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FCC slams AT&T and Verizon over zero-rating offers

Officials say AT&T's DirecTV Now, which lets you stream video without it counting as data, violates net neutrality. They're eyeing a Verizon offer too.


The Federal Communications Commission is not cool with AT&T's offer that lets customers stream the carrier's DirecTV service without it counting against their data plans. The commission has also launched an investigation into a similar offer from Verizon.

In a letter sent to AT&T on Thursday, the agency said it's reached a preliminary conclusion that the carrier is violating net neutrality rules, which prohibit internet service providers from favoring their own content over a competitor's service.

Since September, AT&T has let its wireless customers stream its DirecTV video service over the AT&T wireless network without counting that data against their monthly data caps. This week AT&T made the $35 a month streaming service available to all wireless customers. The FCC also sent a letter to Verizon asking it questions about a similar offer where Verizon lets customers stream its Go90 video service and doesn't charge for data usage.

Both AT&T and Verizon say their programs, which charge video providers instead of customers the cost of streaming the data, are open to any video company willing to pay the cost of customer data. But the FCC says it's concerned AT&T and Verizon still have a cost advantage over rivals, since they provide the streaming service and own the networks.

In its letter to AT&T, the FCC said its preliminary conclusion is that the carrier's practices "inhibit competition, harm consumers, and interfere with the 'virtuous cycle' needed to assure the continuing benefits of the Open Internet."

It asked AT&T to provide additional information prior to December 15 before it makes a final determination. The agency is still gathering information about Verizon's service.

AT&T reiterated that the service is a benefit to consumers.

"These are incredibly popular free services available to millions of customers," the company said in a statement. "Once again, we will provide the FCC with additional information on why the government should not take away a service that saves consumers money."

Verizon said it's still reviewing the FCC's inquiry but is "quite confident that our practices are good for consumers, non-discriminatory and are consistent with current rules."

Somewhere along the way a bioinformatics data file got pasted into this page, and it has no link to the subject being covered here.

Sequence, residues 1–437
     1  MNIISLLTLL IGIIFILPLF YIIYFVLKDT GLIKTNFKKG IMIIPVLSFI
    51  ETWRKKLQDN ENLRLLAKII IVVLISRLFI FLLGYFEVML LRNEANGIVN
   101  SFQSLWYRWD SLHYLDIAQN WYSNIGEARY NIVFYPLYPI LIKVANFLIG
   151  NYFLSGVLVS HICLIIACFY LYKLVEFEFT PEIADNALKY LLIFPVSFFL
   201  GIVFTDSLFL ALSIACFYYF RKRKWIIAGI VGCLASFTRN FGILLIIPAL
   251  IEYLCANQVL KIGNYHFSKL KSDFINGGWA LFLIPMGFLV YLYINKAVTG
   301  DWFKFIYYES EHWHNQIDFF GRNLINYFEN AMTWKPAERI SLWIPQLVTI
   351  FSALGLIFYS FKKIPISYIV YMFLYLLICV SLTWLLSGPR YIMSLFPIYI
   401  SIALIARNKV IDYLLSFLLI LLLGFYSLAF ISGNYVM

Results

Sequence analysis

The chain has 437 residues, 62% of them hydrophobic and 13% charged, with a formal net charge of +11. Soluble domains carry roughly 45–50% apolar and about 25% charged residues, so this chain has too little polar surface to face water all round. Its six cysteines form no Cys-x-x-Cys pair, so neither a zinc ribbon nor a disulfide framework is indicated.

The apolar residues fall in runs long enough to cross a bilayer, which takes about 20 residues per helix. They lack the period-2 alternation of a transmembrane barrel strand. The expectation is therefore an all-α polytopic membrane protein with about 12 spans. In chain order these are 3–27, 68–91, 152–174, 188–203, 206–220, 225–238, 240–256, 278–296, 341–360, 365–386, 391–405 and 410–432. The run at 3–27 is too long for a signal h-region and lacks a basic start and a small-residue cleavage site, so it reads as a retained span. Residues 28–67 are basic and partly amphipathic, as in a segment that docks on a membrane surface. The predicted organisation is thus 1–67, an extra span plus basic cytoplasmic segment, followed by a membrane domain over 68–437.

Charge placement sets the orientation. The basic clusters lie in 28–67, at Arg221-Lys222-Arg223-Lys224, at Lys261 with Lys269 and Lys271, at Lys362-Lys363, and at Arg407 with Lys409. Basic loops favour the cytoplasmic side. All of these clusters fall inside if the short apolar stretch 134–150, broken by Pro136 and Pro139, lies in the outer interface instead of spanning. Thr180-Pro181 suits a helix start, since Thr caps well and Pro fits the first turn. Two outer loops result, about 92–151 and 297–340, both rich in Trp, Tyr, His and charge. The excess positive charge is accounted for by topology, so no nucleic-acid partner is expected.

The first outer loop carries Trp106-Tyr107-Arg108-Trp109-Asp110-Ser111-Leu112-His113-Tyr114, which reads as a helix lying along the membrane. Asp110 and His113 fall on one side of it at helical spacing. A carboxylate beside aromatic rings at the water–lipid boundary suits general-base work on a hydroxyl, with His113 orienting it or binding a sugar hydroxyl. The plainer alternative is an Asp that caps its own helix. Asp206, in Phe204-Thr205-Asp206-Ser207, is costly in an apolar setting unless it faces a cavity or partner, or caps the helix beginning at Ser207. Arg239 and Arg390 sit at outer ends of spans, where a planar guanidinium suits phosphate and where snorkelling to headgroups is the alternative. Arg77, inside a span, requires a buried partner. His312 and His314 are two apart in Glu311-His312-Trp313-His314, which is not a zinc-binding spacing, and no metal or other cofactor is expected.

AT&T's Sponsored Data plan and Verizon's FreeBee offer are considered "zero-rating" plans. The controversial plans let Internet service providers not count data usage for certain applications against a customer's monthly cap. Though companies say the plans benefit consumers by offering reduced pricing on wireless service, critics say they give the wireless companies an unfair advantage over competitors and violate the 2015 net neutrality rules designed to protect against this.

The FCC didn't specifically outlaw zero-rating in its rules, but it said it would look at such plans on a case-by-case basis. This is the first real test of the rules and marks the first time since the regulations were passed that the FCC has flexed its regulatory muscles in enforcing them.

Though the FCC has informally been looking into concerns over zero-rating for more than a year, it officially opened an inquiry into AT&T's practices only a few weeks ago, when it sent a letter to the company asking for more details about how the Sponsored Data program works.

But with a new Republican administration set to take office in January, it may be too late for the agency to take any meaningful action.

What's the FCC's beef?

The biggest problem the FCC has with AT&T's Sponsored Data plan has to do with how much the carrier is charging rival streaming services for access to its data network. Because AT&T has priced its new DirecTV Now service so aggressively, the FCC doesn't see how other streaming video companies could possibly compete.

In its letter, the FCC said it's done the math and estimates it would cost a company, like a Netflix, Hulu or someone else, $47 a month per customer to offer 30 minutes of free video-streaming a day on AT&T's wireless service. That's significantly more than the $35 a month AT&T charges customers for DirecTV Now.

"If we understand these facts correctly, AT&T seems to present the unaffiliated provider with a choice that is unreasonable on its face: either pay a Sponsored Data rate...that would make it very difficult, if not infeasible, to offer a competitively priced service, or instead require its customers to pay significant amounts for their own usage of data while AT&T's zero-rated DirecTV Now service offers customers the same usage for free," the letter says.

The FCC stopped short of taking action against AT&T and has asked the company for more information about how much it's charging competitors. But it's likely nothing will come of the investigation, since Republicans take over January 20, once President-elect Donald Trump is inaugurated. Trump hasn't said much about net neutrality, but he's indicated he's not a fan of the regulations. He's also appointed several people to his transition team who have opposed the net neutrality rules.

Republican FCC Commissioner Ajit Pai was critical of the FCC's actions and called the commission's preliminary determination "sad and pointless."

"Any unilateral action taken by the Wireless Telecommunications Bureau at the chairman's direction in the next 49 days can quickly be undone by that same bureau after January 20, 2017," Pai added.